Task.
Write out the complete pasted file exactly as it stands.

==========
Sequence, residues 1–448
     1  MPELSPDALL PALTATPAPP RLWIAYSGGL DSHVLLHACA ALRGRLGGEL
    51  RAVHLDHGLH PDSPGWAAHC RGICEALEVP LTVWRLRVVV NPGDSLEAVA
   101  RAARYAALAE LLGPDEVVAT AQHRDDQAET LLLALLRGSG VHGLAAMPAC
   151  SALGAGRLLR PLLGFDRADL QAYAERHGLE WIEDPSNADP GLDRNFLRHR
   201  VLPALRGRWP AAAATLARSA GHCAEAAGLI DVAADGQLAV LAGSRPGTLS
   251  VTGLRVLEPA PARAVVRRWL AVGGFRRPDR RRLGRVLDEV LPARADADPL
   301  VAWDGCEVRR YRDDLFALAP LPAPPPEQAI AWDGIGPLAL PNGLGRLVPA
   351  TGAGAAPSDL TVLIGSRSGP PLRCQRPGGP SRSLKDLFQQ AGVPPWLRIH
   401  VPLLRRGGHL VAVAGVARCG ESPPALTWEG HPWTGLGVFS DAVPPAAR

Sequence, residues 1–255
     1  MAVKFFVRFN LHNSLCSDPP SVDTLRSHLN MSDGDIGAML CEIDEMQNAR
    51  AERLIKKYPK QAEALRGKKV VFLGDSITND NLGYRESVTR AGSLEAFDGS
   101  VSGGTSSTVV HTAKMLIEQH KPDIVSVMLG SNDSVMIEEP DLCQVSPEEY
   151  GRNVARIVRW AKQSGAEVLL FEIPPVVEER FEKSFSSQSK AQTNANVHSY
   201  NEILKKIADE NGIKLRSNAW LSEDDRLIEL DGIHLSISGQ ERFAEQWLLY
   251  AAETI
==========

Sequence, residues 1–448
     1  MPELSPDALL PALTATPAPP RLWIAYSGGL DSHVLLHACA ALRGRLGGEL
    51  RAVHLDHGLH PDSPGWAAHC RGICEALEVP LTVWRLRVVV NPGDSLEAVA
   101  RAARYAALAE LLGPDEVVAT AQHRDDQAET LLLALLRGSG VHGLAAMPAC
   151  SALGAGRLLR PLLGFDRADL QAYAERHGLE WIEDPSNADP GLDRNFLRHR
   201  VLPALRGRWP AAAATLARSA GHCAEAAGLI DVAADGQLAV LAGSRPGTLS
   251  VTGLRVLEPA PARAVVRRWL AVGGFRRPDR RRLGRVLDEV LPARADADPL
   301  VAWDGCEVRR YRDDLFALAP LPAPPPEQAI AWDGIGPLAL PNGLGRLVPA
   351  TGAGAAPSDL TVLIGSRSGP PLRCQRPGGP SRSLKDLFQQ AGVPPWLRIH
   401  VPLLRRGGHL VAVAGVARCG ESPPALTWEG HPWTGLGVFS DAVPPAAR

Sequence, residues 1–255
     1  MAVKFFVRFN LHNSLCSDPP SVDTLRSHLN MSDGDIGAML CEIDEMQNAR
    51  AERLIKKYPK QAEALRGKKV VFLGDSITND NLGYRESVTR AGSLEAFDGS
   101  VSGGTSSTVV HTAKMLIEQH KPDIVSVMLG SNDSVMIEEP DLCQVSPEEY
   151  GRNVARIVRW AKQSGAEVLL FEIPPVVEER FEKSFSSQSK AQTNANVHSY
   201  NEILKKIADE NGIKLRSNAW LSEDDRLIEL DGIHLSISGQ ERFAEQWLLY
   251  AAETI